HOTREC has welcomed the European Commission’s proposed landmark regulations – the Digital Markets Act (DMA) and the Digital Services Act (DSA) – as actions ensuring fair play, curbing illegal offers of services, and giving small and medium-sized hospitality enterprises more control over their digital presence.
The future of hospitality also depends on its potential to remain competitive and by now it’s clear that this will only be possible by embracing sustainable development (e.g., by favoring green tourism and building renovations, prioritizing the use and consumption of healthier food, etc.).
- GTP: What are the biggest opportunities and threats for your sector in particular?
Marie Audren: All the challenges mentioned above also represent opportunities for hospitality to improve their services towards guests, offer more and more exciting and unique opportunities and, of course, thrive and support the European economy.
There are many risks facing the hospitality industry. Just to name a few: skill shortages; the necessity to further regulate platform to business relations; constant changes in the consumers’ demands; the lack of experienced personnel and the fall in travel confidence brought by the pandemic.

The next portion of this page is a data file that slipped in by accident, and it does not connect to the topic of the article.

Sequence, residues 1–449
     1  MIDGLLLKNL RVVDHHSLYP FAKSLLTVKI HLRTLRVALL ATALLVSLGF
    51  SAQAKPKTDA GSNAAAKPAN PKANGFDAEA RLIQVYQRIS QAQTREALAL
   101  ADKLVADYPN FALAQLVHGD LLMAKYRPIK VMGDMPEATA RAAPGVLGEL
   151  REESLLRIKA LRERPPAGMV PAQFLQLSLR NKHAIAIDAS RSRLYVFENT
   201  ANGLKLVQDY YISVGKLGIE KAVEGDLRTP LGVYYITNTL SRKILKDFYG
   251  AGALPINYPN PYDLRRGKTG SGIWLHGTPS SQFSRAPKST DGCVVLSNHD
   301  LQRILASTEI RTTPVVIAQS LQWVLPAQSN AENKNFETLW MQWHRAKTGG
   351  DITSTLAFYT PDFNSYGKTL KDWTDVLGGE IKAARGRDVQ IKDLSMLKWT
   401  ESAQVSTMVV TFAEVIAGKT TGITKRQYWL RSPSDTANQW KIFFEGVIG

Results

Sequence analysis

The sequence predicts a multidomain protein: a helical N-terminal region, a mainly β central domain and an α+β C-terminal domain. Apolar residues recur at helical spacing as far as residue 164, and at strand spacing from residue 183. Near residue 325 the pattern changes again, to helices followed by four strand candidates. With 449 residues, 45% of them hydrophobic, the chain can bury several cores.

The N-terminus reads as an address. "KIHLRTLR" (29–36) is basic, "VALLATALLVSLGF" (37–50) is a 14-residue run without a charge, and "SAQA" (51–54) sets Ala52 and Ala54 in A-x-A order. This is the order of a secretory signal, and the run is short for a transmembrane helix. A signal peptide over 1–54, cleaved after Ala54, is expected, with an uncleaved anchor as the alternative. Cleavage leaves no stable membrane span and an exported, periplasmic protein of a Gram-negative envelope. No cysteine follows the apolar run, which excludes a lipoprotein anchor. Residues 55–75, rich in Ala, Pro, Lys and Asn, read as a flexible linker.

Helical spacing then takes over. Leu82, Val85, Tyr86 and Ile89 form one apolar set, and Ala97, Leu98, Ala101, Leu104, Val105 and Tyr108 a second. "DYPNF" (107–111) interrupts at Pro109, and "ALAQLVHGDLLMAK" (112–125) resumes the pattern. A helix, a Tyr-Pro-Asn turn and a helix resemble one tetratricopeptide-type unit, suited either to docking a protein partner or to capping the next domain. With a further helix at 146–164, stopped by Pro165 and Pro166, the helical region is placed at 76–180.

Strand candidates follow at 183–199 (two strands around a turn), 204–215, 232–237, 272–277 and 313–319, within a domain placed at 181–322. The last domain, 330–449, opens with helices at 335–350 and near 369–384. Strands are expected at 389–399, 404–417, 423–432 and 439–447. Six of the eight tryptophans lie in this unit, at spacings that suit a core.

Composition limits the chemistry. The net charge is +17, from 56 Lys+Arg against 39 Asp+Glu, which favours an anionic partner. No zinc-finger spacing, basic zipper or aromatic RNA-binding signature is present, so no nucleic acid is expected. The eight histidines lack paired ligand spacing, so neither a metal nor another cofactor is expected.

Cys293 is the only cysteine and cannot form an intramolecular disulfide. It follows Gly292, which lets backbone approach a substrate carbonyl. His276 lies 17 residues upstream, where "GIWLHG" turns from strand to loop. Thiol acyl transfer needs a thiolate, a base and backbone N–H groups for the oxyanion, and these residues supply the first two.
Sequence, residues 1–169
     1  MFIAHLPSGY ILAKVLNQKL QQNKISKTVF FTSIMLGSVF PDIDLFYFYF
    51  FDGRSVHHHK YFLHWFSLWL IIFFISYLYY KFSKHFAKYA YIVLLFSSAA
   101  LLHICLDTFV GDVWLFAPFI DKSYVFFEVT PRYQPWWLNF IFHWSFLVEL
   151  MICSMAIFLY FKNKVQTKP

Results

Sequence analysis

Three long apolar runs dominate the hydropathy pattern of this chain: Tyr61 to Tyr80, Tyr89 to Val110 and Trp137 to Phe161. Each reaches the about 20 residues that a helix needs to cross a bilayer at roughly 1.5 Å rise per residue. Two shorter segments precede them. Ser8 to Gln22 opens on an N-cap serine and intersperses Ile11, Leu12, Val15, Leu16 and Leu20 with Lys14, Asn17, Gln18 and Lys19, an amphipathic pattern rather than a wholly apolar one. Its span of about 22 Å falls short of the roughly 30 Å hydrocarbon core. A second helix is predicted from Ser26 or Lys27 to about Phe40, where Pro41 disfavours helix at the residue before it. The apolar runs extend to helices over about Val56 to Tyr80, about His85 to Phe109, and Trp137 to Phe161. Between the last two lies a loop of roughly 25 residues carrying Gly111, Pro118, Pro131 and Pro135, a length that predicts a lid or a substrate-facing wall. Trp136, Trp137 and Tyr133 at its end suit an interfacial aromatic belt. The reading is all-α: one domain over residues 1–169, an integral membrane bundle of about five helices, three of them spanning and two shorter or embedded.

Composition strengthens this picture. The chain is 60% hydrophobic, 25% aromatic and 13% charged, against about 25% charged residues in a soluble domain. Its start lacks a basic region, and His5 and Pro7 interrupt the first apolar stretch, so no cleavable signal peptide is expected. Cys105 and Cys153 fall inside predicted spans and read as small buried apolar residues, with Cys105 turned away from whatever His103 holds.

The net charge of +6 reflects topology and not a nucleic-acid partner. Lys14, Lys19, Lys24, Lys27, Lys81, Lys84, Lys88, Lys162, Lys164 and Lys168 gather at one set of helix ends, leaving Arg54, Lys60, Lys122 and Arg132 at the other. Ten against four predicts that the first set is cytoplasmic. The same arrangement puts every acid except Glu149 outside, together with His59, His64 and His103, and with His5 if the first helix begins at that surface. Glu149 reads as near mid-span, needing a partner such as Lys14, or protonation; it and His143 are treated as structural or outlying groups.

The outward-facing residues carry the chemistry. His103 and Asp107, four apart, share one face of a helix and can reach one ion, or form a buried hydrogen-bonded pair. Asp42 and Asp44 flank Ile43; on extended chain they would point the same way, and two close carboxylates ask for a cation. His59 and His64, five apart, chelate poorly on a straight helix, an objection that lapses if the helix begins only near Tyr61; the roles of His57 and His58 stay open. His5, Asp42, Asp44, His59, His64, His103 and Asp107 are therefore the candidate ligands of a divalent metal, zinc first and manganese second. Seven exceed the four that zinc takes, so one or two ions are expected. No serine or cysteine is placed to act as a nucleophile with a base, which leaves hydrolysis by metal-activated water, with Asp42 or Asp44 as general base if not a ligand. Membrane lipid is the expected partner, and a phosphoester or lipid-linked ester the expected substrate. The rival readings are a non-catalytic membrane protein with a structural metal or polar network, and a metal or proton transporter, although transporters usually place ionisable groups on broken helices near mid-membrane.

However, we are confident that, with adequate support, hospitality can recover and continue being a key driver of economic growth and boost jobs creation in Europe.
- GTP: How will HOTREC’s #TogetherForHospitality campaign contribute to the sector’s recovery?
Marie Audren: Over 12 months without regular visits to our favorite hospitality establishments clearly showed us what critical role the sector plays in shaping our everyday lives.
In the past year, HOTREC has worked hard to help the sector recover by maintaining a continued dialogue with the EU Institutions and teaming up with our membership and industry partners.
When we launched our #TogetherForHospitality campaign on 31 March, it was mostly because we wanted to take our commitment a step further in making the voice of European hospitality heard.